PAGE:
Florida lawmakers introduce bill to combat Chinese Communist Party influence on college campuses
Florida Gov. Ron DeSantis outlined new legislation intended to protect public institutions from foreign influence and that would penalize those who do not comply with transparency requirements.
Proposed legislation would require institutions of higher education to report any foreign gift of $50,000 or more, and outlines seven “countries of concern.”
Florida state lawmakers are currently working with Gov. Ron DeSantis on legislation aimed at combatting foreign influence on college campuses in the Sunshine State, including by imposing a ban on the creation of any Confucius Institute.
According to First Coast News, the legislation, SB 2010, would require the state to monitor foreign gifts to colleges and universities, ban taxpayer money from funding foreign cultural centers on campuses, and “place strict vetting” on foreign applicants for some research positions on college campuses.
The proposal would “require every public institution of higher education to report any gift of $50,000 or more received directly or indirectly by any foreign government or foreign person,” according to DeSantis (R), who spoke during a press conference on March 1.
Along with monitoring foreign gifts, the legislation would “place strict vetting and review processes for foreign applicants to important research positions.”
“Over the last decade the communist party of China has been meticulous and deliberate in their economic infiltration across the globe,” stated DeSantis. “The growing presence of these Chinese communist party influence in domestic and international affairs is one of the most pervasive threats to American security and prosperity.”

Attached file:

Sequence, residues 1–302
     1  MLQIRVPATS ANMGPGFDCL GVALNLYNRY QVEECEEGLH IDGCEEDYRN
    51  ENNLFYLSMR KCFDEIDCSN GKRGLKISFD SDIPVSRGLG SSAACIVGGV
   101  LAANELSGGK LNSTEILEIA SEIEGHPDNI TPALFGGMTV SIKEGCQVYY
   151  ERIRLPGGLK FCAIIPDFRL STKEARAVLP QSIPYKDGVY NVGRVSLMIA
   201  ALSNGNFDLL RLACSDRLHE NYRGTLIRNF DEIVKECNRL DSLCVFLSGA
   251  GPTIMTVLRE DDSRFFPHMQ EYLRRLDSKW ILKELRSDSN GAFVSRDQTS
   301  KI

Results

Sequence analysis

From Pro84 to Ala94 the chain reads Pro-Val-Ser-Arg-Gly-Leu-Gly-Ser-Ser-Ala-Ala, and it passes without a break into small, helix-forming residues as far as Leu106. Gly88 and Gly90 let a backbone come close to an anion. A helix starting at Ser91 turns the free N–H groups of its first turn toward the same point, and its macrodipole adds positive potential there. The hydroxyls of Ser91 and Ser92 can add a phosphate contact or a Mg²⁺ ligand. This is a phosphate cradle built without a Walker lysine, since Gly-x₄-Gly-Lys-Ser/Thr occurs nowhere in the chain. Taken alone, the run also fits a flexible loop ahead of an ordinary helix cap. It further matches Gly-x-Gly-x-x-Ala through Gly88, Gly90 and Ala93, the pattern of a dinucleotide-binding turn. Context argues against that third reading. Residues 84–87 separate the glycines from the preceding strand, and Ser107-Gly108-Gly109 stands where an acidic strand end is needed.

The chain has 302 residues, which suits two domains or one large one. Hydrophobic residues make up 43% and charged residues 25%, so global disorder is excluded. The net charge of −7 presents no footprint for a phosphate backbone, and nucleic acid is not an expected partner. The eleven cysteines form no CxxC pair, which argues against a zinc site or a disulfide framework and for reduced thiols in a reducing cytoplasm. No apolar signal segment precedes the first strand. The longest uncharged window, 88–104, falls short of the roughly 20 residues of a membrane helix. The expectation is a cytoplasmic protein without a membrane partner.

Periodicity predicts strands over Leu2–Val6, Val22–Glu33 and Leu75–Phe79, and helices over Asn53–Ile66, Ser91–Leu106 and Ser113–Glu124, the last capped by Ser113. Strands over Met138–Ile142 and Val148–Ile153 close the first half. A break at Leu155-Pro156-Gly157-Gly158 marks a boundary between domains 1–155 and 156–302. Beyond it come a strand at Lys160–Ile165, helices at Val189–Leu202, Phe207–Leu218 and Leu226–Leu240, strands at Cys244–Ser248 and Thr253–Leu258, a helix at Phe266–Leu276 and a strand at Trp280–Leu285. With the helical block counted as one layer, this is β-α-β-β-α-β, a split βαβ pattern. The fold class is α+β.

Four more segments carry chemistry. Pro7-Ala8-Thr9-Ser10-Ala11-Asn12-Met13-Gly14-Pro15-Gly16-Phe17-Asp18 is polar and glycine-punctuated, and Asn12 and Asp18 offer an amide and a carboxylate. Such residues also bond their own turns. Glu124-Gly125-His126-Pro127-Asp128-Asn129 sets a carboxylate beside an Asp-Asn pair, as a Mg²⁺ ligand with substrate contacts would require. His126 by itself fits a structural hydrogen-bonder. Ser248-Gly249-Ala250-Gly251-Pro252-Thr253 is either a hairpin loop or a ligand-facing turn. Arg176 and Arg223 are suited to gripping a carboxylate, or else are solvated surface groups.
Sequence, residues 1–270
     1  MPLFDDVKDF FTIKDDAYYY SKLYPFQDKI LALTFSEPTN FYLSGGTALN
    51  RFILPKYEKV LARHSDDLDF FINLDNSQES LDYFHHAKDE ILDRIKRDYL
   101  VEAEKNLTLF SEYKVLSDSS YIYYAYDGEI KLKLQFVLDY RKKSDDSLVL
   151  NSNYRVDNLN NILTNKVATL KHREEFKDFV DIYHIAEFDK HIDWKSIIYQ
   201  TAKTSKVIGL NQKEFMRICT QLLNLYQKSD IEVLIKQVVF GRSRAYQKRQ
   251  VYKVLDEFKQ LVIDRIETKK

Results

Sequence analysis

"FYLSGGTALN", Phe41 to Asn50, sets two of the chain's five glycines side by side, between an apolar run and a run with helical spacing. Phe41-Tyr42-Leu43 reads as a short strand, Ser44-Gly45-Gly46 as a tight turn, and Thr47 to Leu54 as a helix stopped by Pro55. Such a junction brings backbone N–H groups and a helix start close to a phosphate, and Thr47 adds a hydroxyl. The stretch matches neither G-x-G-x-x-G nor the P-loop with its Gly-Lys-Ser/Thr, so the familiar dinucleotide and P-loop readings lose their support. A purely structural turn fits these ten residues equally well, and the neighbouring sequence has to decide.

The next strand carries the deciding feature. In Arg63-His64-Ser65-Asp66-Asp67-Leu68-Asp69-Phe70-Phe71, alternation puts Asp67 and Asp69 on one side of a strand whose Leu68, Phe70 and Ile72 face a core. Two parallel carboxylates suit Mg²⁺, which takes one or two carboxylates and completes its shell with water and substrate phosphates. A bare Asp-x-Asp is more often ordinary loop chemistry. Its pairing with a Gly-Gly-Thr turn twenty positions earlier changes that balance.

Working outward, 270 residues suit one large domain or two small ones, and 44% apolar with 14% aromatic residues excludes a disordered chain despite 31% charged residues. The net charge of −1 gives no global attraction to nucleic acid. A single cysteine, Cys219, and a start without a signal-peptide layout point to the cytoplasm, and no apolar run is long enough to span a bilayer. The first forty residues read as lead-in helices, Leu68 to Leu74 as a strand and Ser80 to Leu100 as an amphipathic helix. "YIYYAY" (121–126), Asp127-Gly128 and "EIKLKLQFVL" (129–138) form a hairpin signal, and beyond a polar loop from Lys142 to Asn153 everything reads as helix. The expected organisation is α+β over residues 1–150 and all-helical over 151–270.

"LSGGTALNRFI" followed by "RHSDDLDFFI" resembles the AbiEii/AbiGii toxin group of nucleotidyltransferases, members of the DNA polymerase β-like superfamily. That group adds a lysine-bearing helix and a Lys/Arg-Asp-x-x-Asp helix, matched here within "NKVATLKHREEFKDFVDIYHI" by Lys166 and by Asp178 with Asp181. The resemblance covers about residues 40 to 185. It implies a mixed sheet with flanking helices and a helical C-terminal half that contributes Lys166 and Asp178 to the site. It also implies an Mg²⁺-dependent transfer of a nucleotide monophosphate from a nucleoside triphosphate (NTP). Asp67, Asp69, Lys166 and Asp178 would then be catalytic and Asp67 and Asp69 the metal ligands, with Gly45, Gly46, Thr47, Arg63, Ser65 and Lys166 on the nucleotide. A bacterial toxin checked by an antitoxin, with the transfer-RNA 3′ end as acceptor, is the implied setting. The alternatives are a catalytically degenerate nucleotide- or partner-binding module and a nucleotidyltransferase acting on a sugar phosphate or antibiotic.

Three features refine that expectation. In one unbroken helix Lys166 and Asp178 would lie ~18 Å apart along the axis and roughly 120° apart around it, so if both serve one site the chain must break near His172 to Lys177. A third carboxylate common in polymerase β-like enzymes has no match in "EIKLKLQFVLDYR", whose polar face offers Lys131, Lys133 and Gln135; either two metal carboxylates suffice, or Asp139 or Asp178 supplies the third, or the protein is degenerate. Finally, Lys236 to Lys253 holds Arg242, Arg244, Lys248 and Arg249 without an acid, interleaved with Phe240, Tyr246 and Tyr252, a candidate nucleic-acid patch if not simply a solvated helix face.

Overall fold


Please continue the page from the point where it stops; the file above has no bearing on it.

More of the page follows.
[RELATED: Biden quietly nixes Trump-era rule combating Chinese Communist-funded ‘propaganda’ centers]
DeSantis talked extensively about foreign influences in Florida and other states across the country that led to arrests and were directly linked to institutions of higher education.
He stated that the “Chinese communist party’s mass infiltration and theft of American research is well documented, resulting in numerous arrests at college campuses across the country just within the last couple of years.” DeSantis also stated that he will allow the attorney general to “take action against any noncompliant institution.”
The governor specifically pointed to seven “countries of concern” which include China, Cuba, Iran, North Korea, Russian, Syria, and Venezuela. Any person or institution who wishes to obtain a grant from the state of Florida for more than $100,000 will be required to disclose any ties with these countries, including previous donations or contracts.
[RELATED: Chinese state media accuses US of racism after MIT prof is arrested for China ties. Here’s what MIT had to say.]
DeSantis further emphasized that the state will “modernize Florida law to include theft from cloud technology and create a third-degree felony for a person who commits theft of a trade secret and a second-degree felony for trafficking in trade secrets.”
Florida State House of Representatives Speaker Rep. Chris Sprowls, a Republican, was among those who joined DeSantis during the news conference. He spoke extensively on past issues of foreign influence at the University of Florida and University of South Florida. He stated that “we have only just begun to scratch the surface of the depth of China’s influence and gathering operations.”
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